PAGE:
I’ve written about some of these. In my article, The CIA have confessed to assassinating Marilyn Monroe, I looked into the “astonishing confession” made by retired CIA agent Normand Hodges on his deathbed, which I’d seen circulating on Facebook. The story originated in an article from the World News Daily Report, in which Hodges said he’d murdered Marilyn Monroe because she was sleeping with Fidel Castro.

But the World News Daily Report has a disclaimer admitting that its stories are satirical and fictional. The “Normand Hodges” picture in the article was actually of a prisoner called Michael Tyrrell, nicked from an article in The Guardian about the mistreatment of ill prisoners in the UK.

Then there’s the infamous time travel urban legend of Andrew Carlssin, which I covered in my article, Alleged time traveller Andrew Carlssin disappears – did he go ‘back to the future’? This one’s about a guy who got caught winning big on the stock market. After getting arrested for insider trading, he claimed to be a time traveller from the future, hence his knowledge of future stocks.

The Andrew Carlssin story originated in two articles from the Weekly World News, another satirical news site that writes deliberately ridiculous stories about dinosaurs, four-legged women and Hillary Clinton’s alien lover. However, the Andrew Carlssin story got picked up and re-reported as fact by mainstream news sites like Yahoo!, causing scores of people to take it seriously.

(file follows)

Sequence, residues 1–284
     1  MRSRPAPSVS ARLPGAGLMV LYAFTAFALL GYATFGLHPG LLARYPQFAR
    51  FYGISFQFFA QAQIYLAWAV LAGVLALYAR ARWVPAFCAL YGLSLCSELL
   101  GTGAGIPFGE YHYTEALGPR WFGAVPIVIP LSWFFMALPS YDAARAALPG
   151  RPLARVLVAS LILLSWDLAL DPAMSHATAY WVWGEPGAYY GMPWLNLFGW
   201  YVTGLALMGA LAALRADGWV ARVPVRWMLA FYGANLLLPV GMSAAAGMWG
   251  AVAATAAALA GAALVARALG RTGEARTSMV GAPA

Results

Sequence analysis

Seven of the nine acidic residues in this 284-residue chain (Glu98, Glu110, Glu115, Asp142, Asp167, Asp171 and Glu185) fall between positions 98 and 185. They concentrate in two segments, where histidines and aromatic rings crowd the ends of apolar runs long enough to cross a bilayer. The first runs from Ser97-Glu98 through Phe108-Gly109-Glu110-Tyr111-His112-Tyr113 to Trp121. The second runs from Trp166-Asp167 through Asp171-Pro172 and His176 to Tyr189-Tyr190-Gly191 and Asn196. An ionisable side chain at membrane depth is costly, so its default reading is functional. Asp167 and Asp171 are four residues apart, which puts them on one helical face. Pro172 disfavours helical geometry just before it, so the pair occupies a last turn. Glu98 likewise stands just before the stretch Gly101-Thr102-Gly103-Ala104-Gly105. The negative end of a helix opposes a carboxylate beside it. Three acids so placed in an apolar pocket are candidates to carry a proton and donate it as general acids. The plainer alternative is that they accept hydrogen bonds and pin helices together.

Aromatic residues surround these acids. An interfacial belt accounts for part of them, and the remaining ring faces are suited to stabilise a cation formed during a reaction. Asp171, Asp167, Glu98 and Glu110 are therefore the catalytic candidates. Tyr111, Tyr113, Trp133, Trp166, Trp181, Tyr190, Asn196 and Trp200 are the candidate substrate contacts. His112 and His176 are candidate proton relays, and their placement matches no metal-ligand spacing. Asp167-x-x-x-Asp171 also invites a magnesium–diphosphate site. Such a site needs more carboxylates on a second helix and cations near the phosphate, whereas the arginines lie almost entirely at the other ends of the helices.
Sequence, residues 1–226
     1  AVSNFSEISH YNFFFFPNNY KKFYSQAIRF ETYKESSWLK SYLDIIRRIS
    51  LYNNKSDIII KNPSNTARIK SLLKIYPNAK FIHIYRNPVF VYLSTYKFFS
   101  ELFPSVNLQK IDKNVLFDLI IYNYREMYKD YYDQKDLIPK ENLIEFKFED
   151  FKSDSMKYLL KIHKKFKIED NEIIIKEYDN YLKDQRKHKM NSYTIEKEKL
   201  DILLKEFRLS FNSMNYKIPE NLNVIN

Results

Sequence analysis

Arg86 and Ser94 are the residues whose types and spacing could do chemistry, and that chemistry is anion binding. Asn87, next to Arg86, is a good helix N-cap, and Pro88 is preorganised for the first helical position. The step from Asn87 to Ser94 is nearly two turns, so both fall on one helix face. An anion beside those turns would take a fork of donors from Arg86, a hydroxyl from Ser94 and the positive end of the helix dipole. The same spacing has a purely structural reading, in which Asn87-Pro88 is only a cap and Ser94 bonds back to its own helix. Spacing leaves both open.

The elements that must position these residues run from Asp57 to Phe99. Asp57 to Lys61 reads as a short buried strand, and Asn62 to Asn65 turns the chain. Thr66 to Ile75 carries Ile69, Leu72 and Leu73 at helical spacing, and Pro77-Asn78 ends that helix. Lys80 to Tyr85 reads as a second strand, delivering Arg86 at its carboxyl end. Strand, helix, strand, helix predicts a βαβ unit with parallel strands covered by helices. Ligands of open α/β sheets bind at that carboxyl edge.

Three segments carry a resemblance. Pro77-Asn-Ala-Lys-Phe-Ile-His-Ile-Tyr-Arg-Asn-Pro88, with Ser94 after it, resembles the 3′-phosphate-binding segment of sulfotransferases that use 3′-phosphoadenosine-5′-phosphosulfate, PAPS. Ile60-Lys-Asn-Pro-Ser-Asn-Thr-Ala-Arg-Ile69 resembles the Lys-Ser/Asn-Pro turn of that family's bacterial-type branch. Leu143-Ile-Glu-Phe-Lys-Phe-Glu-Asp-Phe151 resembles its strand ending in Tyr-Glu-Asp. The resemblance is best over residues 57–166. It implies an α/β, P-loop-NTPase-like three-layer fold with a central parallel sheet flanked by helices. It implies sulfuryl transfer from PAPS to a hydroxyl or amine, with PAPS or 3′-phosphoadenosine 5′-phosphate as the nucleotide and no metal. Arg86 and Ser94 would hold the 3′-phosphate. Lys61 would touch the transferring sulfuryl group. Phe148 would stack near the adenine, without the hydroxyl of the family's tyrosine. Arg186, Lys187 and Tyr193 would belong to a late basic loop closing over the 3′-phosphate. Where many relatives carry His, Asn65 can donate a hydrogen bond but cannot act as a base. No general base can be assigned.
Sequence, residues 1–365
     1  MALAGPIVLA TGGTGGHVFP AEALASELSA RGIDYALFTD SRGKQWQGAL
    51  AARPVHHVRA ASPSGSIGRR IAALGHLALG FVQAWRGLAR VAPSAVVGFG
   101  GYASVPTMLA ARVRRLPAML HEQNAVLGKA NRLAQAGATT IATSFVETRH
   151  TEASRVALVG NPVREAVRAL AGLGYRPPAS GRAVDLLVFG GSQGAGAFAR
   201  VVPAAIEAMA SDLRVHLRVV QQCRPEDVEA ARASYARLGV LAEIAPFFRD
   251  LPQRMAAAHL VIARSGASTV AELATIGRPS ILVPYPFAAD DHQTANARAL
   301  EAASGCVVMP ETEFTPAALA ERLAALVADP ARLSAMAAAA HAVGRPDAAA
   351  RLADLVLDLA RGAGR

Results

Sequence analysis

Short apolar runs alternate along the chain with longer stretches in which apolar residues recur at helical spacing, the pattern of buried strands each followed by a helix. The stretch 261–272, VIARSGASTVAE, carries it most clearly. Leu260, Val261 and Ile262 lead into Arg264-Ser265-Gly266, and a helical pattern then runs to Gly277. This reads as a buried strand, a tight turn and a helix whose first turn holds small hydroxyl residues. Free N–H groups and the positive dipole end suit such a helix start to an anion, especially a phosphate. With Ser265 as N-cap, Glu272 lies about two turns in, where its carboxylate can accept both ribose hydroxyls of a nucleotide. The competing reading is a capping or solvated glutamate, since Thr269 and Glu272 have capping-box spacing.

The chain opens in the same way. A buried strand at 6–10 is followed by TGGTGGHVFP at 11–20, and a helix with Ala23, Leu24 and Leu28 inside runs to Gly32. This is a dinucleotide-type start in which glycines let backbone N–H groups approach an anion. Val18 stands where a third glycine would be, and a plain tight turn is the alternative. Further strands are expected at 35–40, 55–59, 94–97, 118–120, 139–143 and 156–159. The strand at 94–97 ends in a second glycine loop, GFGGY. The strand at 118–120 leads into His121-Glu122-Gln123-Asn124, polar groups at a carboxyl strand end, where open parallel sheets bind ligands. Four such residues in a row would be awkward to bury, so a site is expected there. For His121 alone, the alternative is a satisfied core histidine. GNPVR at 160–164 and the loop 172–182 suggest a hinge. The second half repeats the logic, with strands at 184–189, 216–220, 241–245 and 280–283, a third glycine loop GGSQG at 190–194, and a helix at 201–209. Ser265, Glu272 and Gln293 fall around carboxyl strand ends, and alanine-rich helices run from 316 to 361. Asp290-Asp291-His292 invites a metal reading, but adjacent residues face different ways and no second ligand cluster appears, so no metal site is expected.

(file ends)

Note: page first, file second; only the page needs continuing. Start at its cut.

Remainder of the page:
Since rising to the world’s top office, Donald Trump has been labelling every media outlet that writes anything negative about him as fake news. The irony is that just like Rameses the Not-So-Great, Trump is one of the the most prolific sources of fake news himself. His constant peddling of false claims, including debunked conspiracy theories about his rivals, has helped precipitate a rise in conspiracism and paranoia in the US.

In particular, he famously promoted the racist conspiracy theory that Barack Obama’s published birth certificate was a forgery and that he was actually born in Kenya. Years later, when he conceded that Obama was a natural-born US citizen, he replaced that theory with another: Hillary Clinton and her campaign invented the Obama birthplace lie during the 2008 US presidential campaign. While supporters of Clinton are credited with the claims, there’s no evidence that Clinton herself or anyone in her campaign has ever questioned Obama’s birthplace.